Best I Ever Had Read Online S.L. Scott

Categories Genre: Angst, College, Contemporary, Erotic, New Adult, Romance Tags Authors:
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Total pages in book: 135
Estimated words: 128430 (not accurate)
Estimated Reading Time in minutes: 642(@200wpm)___ 514(@250wpm)___ 428(@300wpm)
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Read Online Books/Novels:

Best I Ever Had

Author/Writer of Book/Novel:

S.L. Scott

Language:
English
Book Information:

The storm. The man. Both come without warning.
My heart opens to Cooper Haywood the moment we meet. How can it resist? He’s charming, devastatingly handsome, and sweeps me off my feet before I realize the impact he’s making. And then it’s too late.
We fall too fast to worry about the consequences. We love so hard that we ache when we’re apart.
Even though I have a past that still haunts me and he has a future that could put us at risk, none of that matters when we’re together.
Until it does. And then everything changes.
Although the best thing he ever gave me now calls me Mommy, I can’t help but wonder if Cooper Haywood and that fateful storm were one and the same.
Books by Author:

S.L. Scott



Part I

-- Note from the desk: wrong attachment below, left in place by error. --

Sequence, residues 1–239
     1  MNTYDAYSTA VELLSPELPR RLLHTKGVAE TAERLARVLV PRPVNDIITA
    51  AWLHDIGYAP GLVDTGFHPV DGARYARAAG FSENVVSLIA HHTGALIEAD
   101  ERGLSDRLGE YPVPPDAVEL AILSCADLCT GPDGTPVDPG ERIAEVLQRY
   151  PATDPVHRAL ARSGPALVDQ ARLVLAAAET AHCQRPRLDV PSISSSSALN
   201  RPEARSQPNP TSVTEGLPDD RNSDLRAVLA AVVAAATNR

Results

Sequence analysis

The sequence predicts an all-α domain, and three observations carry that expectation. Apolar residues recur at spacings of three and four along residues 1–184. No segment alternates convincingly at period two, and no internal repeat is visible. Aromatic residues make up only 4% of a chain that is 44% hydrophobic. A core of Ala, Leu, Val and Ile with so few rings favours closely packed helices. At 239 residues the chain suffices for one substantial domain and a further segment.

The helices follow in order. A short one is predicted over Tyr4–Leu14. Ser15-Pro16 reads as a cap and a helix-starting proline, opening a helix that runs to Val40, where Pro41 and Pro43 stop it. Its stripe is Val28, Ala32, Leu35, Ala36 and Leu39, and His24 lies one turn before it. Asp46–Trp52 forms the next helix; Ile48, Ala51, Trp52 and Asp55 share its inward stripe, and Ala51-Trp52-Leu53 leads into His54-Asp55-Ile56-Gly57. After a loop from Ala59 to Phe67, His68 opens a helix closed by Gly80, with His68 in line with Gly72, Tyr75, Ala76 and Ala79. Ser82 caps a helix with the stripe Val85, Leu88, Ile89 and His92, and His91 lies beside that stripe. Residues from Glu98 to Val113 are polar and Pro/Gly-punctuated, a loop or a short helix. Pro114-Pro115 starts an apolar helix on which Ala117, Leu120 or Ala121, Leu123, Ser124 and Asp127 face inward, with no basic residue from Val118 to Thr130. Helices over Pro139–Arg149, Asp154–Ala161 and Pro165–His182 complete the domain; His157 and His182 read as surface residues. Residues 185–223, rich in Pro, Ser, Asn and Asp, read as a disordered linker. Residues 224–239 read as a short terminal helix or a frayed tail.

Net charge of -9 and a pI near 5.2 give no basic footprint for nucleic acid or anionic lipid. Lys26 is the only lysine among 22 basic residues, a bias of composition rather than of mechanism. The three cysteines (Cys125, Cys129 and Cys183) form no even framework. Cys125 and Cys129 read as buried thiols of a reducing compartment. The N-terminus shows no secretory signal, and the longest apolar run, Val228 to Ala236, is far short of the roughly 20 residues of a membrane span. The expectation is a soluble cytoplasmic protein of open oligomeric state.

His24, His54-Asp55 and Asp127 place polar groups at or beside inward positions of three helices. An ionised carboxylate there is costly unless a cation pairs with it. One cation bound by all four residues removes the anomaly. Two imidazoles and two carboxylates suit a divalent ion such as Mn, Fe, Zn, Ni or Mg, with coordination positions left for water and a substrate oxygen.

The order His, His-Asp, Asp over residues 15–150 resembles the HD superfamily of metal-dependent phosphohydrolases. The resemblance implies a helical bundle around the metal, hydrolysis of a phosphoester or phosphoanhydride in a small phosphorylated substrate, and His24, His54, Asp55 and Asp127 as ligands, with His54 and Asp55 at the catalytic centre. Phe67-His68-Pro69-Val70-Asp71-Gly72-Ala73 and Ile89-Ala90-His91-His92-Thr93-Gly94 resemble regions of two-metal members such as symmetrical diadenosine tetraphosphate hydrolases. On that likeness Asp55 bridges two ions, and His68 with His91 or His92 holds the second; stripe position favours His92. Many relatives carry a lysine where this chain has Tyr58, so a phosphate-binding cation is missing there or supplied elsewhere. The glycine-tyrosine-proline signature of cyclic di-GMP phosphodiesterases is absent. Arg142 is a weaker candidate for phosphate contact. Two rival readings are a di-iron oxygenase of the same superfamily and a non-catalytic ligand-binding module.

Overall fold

The First Time I Saw Her

No halo is hanging over her chestnut-colored hair, and she’s paler than most of the sun-worshiping girls at the party. She blends into the background. Not much about her outfit stands out—corduroy miniskirt, sunset-orange tights, ankle boots, and a burgundy top caught at the waist. No one else seems to notice her.

Except me

. . . And Troy Hogan.

But seeing the way he wraps his arm around her neck, I’d say they’re already well-acquainted. That’s too bad.

For him.

She may be dating him tonight, but we haven’t met yet.

1

Cooper Reed Haywood

Five Months Later

* * *

I’ve never believed in omens or signs, but I’ve been given several in the past hour.

The lights of Bean There coffee shop shine like a beacon through the heavy pelts of rain. I make a mad dash for the door, swinging it open with more force than necessary in my rush to get inside. No one appears bothered when the bell above the door rings, but I get two quick glances from over the tops of laptops near the counter.

And then they carry on minding their own business.

“Seat yourself,” chimes a voice from behind a swinging door. The porthole window gives me a glimpse of the brunette bustling in the back.

I score a table by the window and, as luck would have it, an outlet. My laptop doesn’t have enough juice to last the hours needed to write my paper. When my building lost power and the generator didn’t kick in, I went to the library. The horde of over-caffeinated and procrastinating students pouring out of the doors told me I’d have no luck in there.

After rubbing my hair dry with the hood of my jacket, I unpack my bag to prepare for the long night ahead. As this coffee shop is on the opposite side of town from where I live and farther from Atterton University’s campus than I generally travel for a hot brew, this is my first visit. But it’s decent in here, low key with a kind of old-school hideaway vibe to it—lamps instead of bright overhead lights, scuffed wood floors that have seen better days, and jazz playing in the background.